The lasers that can be used in the method and apparatus include conventional lasers such as Nd-YAG lasers, carbon dioxide lasers, ruby lasers and the like. A particularly preferred laser is Nd-Yag. The power of the lasers will be sufficient to provide effective drilling of a hole in a workpiece. This will be dependent upon a number of factors including the size and depth of the hole, the type of material, the drilling time, beam size, beam amplification, pulse width, number of pulses, environment and the like. When drilling suture mounting bore holes in stainless steel surgical needles, for example, the average beam power will typically range from 10 watts to about 500 watts. In addition, a controlled pulsing system is used to control the laser beam. It is necessary to pulse a laser in a metal drilling operation because the pulse train allows control of hole shape and quality as well as hole size, and to some degree depth. The pulse train allows control of the drilling process to optimize the peak and average laser power used to drill the workpiece. Pulsed laser drilling systems are described in U.S. Pat. No. 6,252,195 which is incorporated by reference.
The spherical lenses that can be used in the methods and apparatus of the present invention will have sufficient optical characteristics to effectively focus a laser beam onto a target site on a vibrating workpiece. To minimize the effects of spherical aberrations the focal lens must take into consideration laser beam diameter, lens size, and static beam alignment.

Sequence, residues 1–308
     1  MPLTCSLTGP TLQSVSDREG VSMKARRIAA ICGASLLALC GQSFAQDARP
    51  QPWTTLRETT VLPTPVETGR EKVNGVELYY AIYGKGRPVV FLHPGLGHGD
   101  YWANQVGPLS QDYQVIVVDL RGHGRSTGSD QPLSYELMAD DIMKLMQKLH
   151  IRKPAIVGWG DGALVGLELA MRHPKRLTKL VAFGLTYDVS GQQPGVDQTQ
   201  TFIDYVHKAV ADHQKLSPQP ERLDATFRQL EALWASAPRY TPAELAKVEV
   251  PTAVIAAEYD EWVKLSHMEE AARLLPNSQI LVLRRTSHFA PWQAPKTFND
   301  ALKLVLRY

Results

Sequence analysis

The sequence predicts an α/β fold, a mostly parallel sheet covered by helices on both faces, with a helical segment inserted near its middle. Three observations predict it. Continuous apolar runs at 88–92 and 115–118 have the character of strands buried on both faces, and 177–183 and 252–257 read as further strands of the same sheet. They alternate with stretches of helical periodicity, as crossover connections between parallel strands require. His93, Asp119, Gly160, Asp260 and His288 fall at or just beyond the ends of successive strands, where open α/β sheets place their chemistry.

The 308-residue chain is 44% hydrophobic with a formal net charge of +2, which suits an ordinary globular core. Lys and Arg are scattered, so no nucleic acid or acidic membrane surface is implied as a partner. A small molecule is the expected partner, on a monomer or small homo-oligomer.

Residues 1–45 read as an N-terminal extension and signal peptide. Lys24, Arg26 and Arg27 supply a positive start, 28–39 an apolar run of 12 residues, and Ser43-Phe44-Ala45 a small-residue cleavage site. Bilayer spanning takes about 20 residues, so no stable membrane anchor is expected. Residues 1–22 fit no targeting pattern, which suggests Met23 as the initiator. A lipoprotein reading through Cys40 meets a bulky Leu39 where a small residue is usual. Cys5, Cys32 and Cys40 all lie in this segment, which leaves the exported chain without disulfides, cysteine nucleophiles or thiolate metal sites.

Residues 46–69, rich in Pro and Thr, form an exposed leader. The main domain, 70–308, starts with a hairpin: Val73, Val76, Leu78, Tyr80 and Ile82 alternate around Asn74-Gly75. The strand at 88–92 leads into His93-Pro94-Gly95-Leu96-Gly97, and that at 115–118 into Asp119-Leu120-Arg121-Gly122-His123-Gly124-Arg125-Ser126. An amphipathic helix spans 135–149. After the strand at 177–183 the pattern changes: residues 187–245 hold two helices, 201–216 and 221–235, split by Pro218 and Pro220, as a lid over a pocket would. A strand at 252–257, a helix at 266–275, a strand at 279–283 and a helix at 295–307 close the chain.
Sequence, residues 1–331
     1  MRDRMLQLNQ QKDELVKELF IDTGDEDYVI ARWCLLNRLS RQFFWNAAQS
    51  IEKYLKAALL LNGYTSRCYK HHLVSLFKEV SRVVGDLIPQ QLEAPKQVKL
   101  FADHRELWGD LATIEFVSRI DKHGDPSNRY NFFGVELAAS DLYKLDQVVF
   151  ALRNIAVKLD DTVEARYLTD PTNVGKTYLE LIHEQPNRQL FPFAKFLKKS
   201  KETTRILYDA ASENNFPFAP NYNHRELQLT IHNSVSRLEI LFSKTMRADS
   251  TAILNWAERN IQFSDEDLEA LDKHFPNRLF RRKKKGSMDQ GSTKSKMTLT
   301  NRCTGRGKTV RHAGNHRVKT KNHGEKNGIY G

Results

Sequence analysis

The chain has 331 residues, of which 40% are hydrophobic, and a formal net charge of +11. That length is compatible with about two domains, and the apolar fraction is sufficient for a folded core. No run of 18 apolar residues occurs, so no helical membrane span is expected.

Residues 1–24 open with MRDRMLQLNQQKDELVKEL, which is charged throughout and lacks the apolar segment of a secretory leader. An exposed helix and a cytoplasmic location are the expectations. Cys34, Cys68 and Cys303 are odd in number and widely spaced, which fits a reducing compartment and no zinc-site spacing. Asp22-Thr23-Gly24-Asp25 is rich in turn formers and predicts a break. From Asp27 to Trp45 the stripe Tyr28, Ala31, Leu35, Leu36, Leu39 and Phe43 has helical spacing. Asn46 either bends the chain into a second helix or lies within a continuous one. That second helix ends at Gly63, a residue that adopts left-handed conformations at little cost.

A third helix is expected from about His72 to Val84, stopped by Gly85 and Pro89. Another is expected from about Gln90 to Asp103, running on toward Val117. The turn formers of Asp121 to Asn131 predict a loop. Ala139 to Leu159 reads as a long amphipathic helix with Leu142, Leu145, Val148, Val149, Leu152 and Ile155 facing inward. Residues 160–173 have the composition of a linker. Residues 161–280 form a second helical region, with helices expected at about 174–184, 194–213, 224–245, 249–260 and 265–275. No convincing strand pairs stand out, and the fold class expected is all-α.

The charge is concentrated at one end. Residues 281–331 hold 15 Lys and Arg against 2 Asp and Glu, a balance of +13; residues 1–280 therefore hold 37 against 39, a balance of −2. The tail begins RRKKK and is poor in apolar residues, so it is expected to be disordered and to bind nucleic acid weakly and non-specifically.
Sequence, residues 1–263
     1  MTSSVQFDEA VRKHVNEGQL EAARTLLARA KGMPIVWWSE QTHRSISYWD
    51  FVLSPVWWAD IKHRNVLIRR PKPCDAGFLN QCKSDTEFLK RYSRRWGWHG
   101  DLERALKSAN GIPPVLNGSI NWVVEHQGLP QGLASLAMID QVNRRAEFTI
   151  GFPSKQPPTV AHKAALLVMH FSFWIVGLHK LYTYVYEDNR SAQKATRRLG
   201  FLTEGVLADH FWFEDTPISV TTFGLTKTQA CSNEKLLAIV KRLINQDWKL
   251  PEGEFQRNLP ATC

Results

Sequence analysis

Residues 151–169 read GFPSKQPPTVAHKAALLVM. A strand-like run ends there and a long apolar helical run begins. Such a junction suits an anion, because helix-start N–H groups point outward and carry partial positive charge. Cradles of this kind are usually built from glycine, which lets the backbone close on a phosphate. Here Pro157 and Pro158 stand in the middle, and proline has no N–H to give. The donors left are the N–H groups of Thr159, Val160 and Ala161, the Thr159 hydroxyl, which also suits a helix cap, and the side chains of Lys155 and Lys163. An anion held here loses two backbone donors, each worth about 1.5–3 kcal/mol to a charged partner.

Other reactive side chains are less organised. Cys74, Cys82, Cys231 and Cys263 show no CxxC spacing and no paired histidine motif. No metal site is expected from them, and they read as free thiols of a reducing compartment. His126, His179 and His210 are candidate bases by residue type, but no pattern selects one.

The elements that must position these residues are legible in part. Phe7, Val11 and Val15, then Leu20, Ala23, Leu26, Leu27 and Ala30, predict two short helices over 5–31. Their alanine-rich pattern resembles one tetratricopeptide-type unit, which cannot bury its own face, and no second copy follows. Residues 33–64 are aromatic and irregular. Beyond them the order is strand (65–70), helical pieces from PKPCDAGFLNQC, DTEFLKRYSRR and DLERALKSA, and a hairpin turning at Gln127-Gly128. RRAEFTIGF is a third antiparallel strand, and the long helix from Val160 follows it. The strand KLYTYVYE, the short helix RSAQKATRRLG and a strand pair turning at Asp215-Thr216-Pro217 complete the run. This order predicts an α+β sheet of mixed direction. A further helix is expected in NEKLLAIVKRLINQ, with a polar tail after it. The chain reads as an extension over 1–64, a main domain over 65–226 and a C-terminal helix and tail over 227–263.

A schematic of a laser drilling apparatus 5 of the present invention is seen in
A standard configuration 105 known in the art for laser drilling workpieces on a vibrating high speed machine is seen in
Another known configuration 205 for laser drilling workpieces is illustrated in
The laser drilling apparatus and the drilling method of the present invention have many advantages. The advantages include increased life of laser and optical beam alignment leading to increased quality of laser beam. Increased precision of focal point on target leading to less variation in final hole position.
Although this invention has been shown and described with respect to detailed embodiments thereof, it will be understood by those skilled in the art that various changes in form and detail thereof may be made without departing from the spirit and scope of the claimed invention.